Thursday, January 12, 2006

Propulsion of the (Near?) Future

There has been a lot of recent discussion on a kind of "hyperdrive" space propulsion system that might be a possible application of Heim Theory, a theory of physics that at least partly integrates General Relativity and Quantum Mechanics. Burkhard Heim's theory is complex, relatively unknown, and not well understood by most physicists, but it has had some success in predicting the mass of certain fundamental particles. The recent paper (PDF) that describes possible space propulsion applications is what triggered the flurry of discussions. I've read it but I can't say I find it really compelling - to be honest I can't say I really understand it!

Although aspects of this proposal are testable, there is a heavy aspect of "if it really turns out to work this way" in it. But physics is by no means "complete" and maybe Heim Theory is part of the next step in understanding the Universe. I certainly hope it's valid and that it leads to a propulsion system that can get a ship to Mars in five hours. It would also be nice if it leaves the space-time continuum pretty much intact for the rest of us. There's a good overview on Damn Interesting.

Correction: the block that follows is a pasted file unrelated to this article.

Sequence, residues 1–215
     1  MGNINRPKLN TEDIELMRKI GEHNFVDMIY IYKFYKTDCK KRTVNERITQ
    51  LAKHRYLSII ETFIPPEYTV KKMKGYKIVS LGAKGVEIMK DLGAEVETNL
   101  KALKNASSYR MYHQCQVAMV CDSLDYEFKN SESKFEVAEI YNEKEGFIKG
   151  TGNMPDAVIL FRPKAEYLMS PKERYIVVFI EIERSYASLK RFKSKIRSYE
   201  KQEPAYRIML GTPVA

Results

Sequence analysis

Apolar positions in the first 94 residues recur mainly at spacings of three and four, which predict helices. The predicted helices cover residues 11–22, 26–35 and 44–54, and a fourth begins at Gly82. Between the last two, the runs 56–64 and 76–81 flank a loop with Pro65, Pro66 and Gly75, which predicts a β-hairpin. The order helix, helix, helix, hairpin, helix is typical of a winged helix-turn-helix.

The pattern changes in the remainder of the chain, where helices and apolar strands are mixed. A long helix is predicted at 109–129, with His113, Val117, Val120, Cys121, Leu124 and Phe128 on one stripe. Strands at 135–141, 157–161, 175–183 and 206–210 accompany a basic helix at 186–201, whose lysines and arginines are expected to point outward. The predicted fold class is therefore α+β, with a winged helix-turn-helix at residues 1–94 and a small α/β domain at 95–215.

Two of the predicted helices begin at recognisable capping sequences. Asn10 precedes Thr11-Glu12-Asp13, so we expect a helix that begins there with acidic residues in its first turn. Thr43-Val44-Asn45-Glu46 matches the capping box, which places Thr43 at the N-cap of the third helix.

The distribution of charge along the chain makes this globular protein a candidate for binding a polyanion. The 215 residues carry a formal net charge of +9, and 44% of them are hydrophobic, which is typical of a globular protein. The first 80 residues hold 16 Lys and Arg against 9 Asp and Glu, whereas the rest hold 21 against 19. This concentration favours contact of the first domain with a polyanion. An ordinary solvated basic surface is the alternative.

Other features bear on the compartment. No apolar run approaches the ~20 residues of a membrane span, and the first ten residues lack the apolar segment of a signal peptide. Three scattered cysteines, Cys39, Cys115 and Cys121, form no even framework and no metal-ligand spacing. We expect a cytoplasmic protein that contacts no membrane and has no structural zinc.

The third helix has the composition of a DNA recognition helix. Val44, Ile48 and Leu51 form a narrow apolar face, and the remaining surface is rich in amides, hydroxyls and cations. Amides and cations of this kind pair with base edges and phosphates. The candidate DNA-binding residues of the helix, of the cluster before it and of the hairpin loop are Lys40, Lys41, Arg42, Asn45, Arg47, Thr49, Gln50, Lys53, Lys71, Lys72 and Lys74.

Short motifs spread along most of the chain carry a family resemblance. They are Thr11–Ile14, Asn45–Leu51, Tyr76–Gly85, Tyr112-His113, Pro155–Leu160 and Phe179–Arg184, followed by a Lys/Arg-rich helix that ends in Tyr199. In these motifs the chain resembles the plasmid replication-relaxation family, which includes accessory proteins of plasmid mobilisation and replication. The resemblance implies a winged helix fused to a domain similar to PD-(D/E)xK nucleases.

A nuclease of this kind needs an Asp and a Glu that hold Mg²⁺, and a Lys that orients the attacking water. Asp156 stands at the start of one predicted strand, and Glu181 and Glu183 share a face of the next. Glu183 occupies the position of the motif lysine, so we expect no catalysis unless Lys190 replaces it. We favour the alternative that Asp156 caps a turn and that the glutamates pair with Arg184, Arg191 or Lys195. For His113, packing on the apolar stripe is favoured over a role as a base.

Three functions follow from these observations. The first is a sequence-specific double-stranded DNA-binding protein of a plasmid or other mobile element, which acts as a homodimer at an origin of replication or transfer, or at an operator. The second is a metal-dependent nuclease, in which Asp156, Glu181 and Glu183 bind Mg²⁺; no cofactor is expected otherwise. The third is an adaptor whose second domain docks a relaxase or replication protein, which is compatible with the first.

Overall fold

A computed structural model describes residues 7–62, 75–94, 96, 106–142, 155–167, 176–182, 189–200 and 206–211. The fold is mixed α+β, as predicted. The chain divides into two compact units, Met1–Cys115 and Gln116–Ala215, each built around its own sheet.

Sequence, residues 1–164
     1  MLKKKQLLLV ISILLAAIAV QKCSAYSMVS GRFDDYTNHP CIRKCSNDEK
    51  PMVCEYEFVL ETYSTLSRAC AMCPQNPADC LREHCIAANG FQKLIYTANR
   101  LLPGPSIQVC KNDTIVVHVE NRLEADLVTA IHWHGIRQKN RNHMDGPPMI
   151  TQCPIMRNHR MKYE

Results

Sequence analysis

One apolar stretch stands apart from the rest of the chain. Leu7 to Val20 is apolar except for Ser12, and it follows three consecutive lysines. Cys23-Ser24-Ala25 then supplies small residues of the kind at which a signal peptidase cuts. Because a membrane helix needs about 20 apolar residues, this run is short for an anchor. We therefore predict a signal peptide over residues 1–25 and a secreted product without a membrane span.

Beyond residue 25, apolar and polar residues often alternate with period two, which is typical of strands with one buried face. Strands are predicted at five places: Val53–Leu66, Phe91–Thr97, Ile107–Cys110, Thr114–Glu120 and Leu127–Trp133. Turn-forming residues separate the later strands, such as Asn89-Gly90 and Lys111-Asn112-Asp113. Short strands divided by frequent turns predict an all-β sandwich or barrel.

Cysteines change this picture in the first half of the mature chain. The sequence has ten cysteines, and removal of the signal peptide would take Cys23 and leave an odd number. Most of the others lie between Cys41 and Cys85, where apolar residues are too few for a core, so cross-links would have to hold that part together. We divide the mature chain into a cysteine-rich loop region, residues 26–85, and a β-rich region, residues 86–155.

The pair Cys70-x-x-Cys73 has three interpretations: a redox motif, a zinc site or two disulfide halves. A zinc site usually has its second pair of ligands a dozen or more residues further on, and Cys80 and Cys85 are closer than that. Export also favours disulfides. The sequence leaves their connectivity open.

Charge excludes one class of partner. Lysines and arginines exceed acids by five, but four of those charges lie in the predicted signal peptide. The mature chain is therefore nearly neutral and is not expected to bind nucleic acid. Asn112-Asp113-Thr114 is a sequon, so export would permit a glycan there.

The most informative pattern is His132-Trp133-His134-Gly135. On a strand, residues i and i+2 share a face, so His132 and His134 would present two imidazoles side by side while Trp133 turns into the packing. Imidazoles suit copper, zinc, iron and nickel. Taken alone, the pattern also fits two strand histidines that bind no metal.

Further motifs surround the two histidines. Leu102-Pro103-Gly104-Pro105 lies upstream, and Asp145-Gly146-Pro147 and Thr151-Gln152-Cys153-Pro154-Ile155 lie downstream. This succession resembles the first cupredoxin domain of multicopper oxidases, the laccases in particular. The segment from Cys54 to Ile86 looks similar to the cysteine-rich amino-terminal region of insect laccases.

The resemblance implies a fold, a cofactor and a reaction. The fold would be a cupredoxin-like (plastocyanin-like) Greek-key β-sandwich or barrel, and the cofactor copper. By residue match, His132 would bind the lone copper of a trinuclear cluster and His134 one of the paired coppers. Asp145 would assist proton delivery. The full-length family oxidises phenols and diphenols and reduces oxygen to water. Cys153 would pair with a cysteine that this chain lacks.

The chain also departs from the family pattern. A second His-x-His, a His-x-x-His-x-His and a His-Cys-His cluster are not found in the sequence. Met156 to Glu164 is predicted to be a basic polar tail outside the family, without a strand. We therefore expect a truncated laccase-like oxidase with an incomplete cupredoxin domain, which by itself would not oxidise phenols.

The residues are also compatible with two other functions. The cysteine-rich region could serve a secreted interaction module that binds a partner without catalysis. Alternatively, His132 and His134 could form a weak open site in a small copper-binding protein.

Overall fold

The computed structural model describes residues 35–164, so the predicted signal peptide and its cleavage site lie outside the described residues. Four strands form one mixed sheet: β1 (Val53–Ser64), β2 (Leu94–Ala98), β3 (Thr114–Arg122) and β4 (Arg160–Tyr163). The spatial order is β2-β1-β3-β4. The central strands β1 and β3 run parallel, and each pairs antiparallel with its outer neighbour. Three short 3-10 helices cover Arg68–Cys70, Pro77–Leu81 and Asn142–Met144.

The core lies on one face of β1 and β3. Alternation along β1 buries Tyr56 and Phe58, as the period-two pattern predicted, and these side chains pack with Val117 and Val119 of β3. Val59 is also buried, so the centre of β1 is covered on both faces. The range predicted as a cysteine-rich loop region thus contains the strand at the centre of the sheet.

Less dramatic but still pretty amazing is a breakthrough in ion engines by ESA and ANU, reported on Space News Blog. By decoupling the ion extraction and acceleration stages of the engine, much higher acceleration voltages can be achieved, and the test engine produced an exhaust velocity of 210,000 m/s, over four times faster than current ion engines. Thrust is still low, but the design is also much more scaleable than previous designs, opening the possibility of using ion propulsion even for large planetary spacecraft. There's much development to do, but this is an exciting development!


Unknown said...

Another near term possiblity for an interplanetary spacedrive is the VASIMR engine. I've been fascinated with this drive for some time now. They seem to be making slow, but steady progress on its development.

I need to do a Google search and see where they are at now in terms of power levels and ISP's. If I find anything interesting I'll post it over on Spaceflight Sandbox.

Anthony Kendall said...

Ion engines have long seemed to me extremely practical devices. Scaling them up has just been an engineering issue rather than a fundamental physical one. Even so, this is exciting news!